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The Dallas Morning News reports that PepsiCo and its Frito-Lay subsidiary are partnering with a new coalition that "hopes to reverse the pandemic’s unequal impact on working moms and put hundreds back into the workforce over the next three years."

According to the story, the coalition - which includes nonprofits United Way of Metropolitan Dallas and CitySquare and Dallas College - will endeavor "to train women in the skills necessary for jobs in hospitality, sales, marketing, manufacturing and logistics. They’ll also provide social services like housing assistance and child care … The program aims to train as many as 550 women in southern Dallas as part of the Southern Dallas Thrives initiative first announced in 2018."

The News notes that "women were pushed out of the workforce at a higher rate than men over the course of 2020, accounting for considerably more than half of the jobs lost. Government restrictions, closed schools and fear of catching COVID-19 kept kids at home and renewed calls for enhanced investment in child care to keep women in jobs."

PepsiCo's director of government affairs, Rebecca Acuna, tells the Times, “We see this investment as an investment in our community. We’ve also seen that when women thrive, families thrive."

KC's View:

A worthwhile initiative, and one that I hope that can find life in other parts of the country as well.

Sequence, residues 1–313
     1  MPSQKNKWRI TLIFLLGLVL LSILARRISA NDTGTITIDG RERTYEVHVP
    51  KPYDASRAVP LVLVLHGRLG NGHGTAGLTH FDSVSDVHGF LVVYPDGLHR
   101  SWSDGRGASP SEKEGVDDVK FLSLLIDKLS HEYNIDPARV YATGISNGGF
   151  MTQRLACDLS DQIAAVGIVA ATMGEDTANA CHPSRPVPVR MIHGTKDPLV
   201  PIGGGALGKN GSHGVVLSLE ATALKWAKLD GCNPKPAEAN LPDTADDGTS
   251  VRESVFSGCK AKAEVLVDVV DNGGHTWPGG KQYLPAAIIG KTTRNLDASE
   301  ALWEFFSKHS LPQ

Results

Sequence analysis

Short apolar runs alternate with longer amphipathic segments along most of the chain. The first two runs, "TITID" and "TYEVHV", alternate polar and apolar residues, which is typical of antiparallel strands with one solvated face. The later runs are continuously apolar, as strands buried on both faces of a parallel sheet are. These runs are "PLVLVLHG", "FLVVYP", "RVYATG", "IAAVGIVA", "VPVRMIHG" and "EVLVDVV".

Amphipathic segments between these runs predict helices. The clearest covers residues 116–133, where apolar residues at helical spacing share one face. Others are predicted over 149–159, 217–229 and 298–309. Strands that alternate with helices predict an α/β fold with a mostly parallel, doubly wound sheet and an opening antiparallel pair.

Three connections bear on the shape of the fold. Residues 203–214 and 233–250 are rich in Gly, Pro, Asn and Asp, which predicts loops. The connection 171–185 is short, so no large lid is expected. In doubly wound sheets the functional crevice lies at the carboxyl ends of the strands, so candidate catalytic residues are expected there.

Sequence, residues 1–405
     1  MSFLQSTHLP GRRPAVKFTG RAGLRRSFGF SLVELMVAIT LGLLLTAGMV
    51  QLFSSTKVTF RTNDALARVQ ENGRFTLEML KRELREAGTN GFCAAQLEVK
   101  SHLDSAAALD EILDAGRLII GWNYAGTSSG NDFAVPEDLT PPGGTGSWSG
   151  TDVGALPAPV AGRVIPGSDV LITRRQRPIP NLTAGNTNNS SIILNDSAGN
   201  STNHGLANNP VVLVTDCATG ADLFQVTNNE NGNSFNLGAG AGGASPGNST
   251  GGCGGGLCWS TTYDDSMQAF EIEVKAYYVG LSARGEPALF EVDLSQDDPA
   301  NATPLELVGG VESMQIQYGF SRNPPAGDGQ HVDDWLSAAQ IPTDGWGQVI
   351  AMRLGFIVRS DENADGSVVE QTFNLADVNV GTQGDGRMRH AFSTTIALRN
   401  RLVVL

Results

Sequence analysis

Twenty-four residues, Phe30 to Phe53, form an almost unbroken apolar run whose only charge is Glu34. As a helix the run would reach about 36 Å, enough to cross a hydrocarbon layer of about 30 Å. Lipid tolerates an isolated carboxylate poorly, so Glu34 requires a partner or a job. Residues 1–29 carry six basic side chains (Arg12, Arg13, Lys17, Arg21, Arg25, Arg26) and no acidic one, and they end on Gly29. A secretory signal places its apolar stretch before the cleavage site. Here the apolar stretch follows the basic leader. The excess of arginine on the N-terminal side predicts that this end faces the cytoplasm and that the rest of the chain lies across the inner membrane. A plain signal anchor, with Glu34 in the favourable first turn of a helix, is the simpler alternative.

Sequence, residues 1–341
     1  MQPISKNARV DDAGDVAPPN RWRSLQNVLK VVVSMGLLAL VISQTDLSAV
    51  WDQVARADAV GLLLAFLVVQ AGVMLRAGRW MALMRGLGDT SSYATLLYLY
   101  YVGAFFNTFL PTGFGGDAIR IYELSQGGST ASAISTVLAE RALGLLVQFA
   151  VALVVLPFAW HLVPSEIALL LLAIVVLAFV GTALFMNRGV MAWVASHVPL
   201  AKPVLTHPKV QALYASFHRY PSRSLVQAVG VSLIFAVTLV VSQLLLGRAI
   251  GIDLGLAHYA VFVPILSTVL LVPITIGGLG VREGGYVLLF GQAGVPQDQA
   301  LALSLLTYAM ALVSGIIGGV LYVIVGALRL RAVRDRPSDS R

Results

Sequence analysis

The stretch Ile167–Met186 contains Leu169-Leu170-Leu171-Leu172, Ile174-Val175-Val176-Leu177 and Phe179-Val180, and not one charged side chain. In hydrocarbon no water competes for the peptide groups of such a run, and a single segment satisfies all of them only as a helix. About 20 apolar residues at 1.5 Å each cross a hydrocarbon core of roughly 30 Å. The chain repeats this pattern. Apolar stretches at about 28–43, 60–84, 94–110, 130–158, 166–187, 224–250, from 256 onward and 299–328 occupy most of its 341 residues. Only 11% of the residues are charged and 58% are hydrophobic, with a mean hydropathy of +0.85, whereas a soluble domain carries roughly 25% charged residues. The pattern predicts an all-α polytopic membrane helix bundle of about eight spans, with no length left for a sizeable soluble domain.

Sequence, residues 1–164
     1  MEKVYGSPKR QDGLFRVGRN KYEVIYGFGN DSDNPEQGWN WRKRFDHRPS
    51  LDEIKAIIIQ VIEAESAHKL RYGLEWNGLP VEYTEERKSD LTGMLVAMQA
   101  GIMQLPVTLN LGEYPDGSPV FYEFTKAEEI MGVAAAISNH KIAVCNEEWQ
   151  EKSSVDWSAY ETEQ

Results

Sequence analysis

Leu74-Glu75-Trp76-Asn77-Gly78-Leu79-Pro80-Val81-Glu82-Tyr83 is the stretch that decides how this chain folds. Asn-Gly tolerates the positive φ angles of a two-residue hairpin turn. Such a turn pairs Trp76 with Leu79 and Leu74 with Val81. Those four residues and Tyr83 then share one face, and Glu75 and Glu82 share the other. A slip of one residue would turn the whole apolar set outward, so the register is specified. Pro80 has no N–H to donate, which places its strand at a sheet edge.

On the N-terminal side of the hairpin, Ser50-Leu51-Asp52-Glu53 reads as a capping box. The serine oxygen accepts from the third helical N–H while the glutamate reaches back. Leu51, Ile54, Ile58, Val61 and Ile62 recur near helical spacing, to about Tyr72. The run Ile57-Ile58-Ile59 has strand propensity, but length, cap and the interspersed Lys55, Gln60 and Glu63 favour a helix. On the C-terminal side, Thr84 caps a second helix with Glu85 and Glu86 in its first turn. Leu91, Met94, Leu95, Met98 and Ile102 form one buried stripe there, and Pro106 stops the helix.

That said, we have a long way to go.

Axios has a story about the World Economic Forum's Global Gender Gap Report for 2021, which concludes that "it will take women in North America approximately 61.5 years to have economic parity with men."  That's longer than Western Europe (52.1 years), but at least better than East Asia and the Pacific (165 years) and South Asia (195.4 years!).

The report says that there only has been "marginal improvement" in terms of women moving into senior management roles, and points out that in the US on average, women's income is just 65.4 percent of men's income.

Sure, there's been some movement;  the report says that "the U.S. has closed 76.3% of its gender gap and now ranks 30th in the world on women's issues, an improvement of 23 spots from last year."  But much-cited American exceptionalism apparently does not extend to gender parity and equality.

All of which is a long way to get back to the original point - that the PepsiCo-backed Texas initiative is a good thing to do, but it is just addresses one specific problem that exists in an ocean of serious issues.